Friday, September 30, 2011

End of the Month Still Life

Part of our incredible bounty of tomatoes in 2011 - over 1,000.  There are still slightly more than 100 on the vines in the greenhouse, but the 2011 gardening year - one of our very best ever - is pretty much over.  The Black from Tula tomato crop is finally rapidly ripening.  Some of these above will be made into sauce, some dried.  The rest will be eaten fresh.

I'm reading and reviewing Amanda Coyne and Tony Hopfinger's upcoming book, Crude Awakening.  I've read more books about Alaska this year than any year since the late 1970s and early 1980s, when I was thinking of writing a historical book about Alaska myself.  Crude Awakening is quite good, about how oil politics corrupted our policies, and how the playing out of that corruption led to openings for the opportunistic and often lucky Sarah Palin to advance her self-serving career.

Was Alaska's Diebold Accu-Scan System Hacked in 2004 and 2008 - Probably

I felt that way in 2004, in the Knowles-Lisa Murkowski contest.  Even more so in 2008, particularly regarding the Ethan Berkowitz-Don Young race.

The Alaska Democratic Party went to court over the handling of electronic voting in the 2004 count.  Berkowitz declined to look into the serious anomolies in his race against Young.

In 2010, one of the elements in Joe Miller's suit to force a hand count in his loss to Lisa Murkowski was over the potential inaccuracy of our generic voting machine here, the Diebold Accu-Scan system.  The Alaska courts declined to honor Miller's request to get enough hand-counted votes that had been aggregated from these machines to get a sample of their accuracies, or potential inaccuracies.  Miller even brought this vulnerability up after the August 2008 primary.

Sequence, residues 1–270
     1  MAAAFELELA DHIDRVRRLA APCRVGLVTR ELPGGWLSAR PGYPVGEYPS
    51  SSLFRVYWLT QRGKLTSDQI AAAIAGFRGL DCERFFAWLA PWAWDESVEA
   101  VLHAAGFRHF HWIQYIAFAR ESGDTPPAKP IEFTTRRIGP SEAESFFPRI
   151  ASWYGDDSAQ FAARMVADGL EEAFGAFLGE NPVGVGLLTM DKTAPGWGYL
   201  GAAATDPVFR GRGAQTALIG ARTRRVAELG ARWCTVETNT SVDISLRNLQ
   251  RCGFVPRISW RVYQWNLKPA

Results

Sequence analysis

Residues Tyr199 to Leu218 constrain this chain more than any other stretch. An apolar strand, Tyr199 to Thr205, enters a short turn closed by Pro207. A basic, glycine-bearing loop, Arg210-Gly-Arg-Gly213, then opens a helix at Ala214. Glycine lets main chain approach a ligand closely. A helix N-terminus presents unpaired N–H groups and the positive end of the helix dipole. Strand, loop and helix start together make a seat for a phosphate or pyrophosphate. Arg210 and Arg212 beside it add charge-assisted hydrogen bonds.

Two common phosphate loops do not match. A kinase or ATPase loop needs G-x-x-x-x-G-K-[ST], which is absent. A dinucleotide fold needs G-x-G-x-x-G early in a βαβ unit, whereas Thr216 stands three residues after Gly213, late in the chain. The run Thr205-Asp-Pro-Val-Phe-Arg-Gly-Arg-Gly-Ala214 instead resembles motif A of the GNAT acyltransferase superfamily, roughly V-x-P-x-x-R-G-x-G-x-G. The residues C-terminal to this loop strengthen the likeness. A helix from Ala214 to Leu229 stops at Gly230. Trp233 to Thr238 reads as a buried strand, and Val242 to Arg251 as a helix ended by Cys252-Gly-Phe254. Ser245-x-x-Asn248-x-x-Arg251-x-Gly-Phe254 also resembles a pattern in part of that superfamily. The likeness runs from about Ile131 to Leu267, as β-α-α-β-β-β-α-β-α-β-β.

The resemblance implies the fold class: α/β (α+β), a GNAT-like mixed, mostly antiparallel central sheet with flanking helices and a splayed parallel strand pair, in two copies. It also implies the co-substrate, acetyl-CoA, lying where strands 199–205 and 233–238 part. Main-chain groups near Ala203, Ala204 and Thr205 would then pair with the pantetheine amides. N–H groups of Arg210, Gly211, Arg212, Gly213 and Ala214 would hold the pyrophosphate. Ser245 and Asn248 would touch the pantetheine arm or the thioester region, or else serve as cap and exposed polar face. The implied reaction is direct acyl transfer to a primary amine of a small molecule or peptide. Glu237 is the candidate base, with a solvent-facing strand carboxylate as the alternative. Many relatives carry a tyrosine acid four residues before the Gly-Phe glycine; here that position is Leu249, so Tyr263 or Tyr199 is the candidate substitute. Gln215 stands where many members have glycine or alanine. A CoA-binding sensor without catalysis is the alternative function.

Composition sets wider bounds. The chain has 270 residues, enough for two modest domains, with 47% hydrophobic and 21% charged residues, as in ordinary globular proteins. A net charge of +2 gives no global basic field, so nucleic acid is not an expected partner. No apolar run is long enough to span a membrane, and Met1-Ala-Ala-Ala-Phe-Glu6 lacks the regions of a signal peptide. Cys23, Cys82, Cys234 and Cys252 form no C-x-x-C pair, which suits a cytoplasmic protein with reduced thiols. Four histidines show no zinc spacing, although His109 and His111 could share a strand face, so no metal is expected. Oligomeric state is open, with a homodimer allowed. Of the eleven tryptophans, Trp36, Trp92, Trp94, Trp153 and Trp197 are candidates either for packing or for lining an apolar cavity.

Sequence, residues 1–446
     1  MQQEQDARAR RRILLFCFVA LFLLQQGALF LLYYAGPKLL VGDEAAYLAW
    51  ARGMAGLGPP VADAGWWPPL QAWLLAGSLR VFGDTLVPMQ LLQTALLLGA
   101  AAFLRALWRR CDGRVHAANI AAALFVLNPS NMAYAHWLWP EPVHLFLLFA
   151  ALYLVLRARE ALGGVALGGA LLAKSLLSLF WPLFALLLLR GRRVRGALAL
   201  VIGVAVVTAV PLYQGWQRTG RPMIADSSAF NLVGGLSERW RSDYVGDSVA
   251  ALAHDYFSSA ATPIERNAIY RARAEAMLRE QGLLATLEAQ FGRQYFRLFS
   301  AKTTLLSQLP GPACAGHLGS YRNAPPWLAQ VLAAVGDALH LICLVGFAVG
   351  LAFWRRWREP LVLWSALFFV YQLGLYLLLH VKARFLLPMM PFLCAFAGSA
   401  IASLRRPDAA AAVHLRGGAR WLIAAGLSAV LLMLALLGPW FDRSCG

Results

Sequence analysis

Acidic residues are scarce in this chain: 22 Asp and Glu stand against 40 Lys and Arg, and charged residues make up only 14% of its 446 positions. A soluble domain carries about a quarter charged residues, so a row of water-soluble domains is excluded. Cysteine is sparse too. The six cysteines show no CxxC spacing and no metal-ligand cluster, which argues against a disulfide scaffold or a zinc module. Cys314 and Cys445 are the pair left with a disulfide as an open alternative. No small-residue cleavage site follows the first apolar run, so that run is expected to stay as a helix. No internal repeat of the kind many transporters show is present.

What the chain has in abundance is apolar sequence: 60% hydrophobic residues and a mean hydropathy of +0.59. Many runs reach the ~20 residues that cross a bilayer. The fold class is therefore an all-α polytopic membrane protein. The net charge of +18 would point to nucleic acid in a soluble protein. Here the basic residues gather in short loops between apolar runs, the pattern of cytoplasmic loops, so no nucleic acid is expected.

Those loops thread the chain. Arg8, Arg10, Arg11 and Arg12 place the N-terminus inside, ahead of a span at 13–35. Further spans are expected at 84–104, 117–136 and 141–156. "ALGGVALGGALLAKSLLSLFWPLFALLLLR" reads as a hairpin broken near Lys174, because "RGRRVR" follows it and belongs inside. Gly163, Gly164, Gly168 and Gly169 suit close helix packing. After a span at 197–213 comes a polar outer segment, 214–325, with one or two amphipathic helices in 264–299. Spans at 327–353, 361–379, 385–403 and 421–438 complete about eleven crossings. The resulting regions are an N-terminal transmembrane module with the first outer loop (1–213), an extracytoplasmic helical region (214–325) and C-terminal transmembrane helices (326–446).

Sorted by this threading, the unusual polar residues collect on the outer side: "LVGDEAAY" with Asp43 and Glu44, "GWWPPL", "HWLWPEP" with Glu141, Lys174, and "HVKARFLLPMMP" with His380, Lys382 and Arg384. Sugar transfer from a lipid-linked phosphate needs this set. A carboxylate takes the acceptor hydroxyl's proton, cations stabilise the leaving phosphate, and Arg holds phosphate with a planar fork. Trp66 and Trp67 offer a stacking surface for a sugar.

I've written about these issues before.  Peoples' eyes glaze over whenever one brings up electronic voting machine hacking.  For one thing, it seems to a lot of people to be a conspiracy theory.  And there's no sexy tag one can attach to the issue that would help bring it to the forefront of political discussion.  After all, in the American system, all's fair in love, war and politics.

My two heroes on this issue nationally are Bev Harris of Black Box Voting, and Brad Friedman of the BRAD BLOG.  Bev has been in the struggle to find the truth longer.  Brad has reached a lot more people.

Wednesday, Friedman published a story at Salon that should be national headlines, but barely made it beyond a few of the liberal and progressive blogs:
It could be one of the most disturbing e-voting machine hacks to date.

Voting machines used by as many as a quarter of American voters heading to the polls in 2012 can be hacked with just $10.50 in parts and an 8th grade science education, according to computer science and security experts at the Vulnerability Assessment Team at Argonne National Laboratory in Illinois. The experts say the newly developed hack could change voting results while leaving absolutely no trace of the manipulation behind.

"We believe these man-in-the-middle attacks are potentially possible on a wide variety of electronic voting machines," said Roger Johnston, leader of the assessment team "We think we can do similar things on pretty much every electronic voting machine."

The Argonne Lab, run by the Department of Energy, has the mission of conducting scientific research to meet national needs. The Diebold Accuvote voting system used in the study was loaned to the lab's scientists by, of which the Brad Blog is a co-founder. Velvet Revolution received the machine from a former Diebold contractor

Previous lab demonstrations of e-voting system hacks, such as Princeton's demonstration of a viral cyber attack on a Diebold touch-screen system -- as I wrote for Salon back in 2006 -- relied on cyber attacks to change the results of elections. Such attacks, according to the team at Argonne, require more coding skills and knowledge of the voting system software than is needed for the attack on the Diebold system.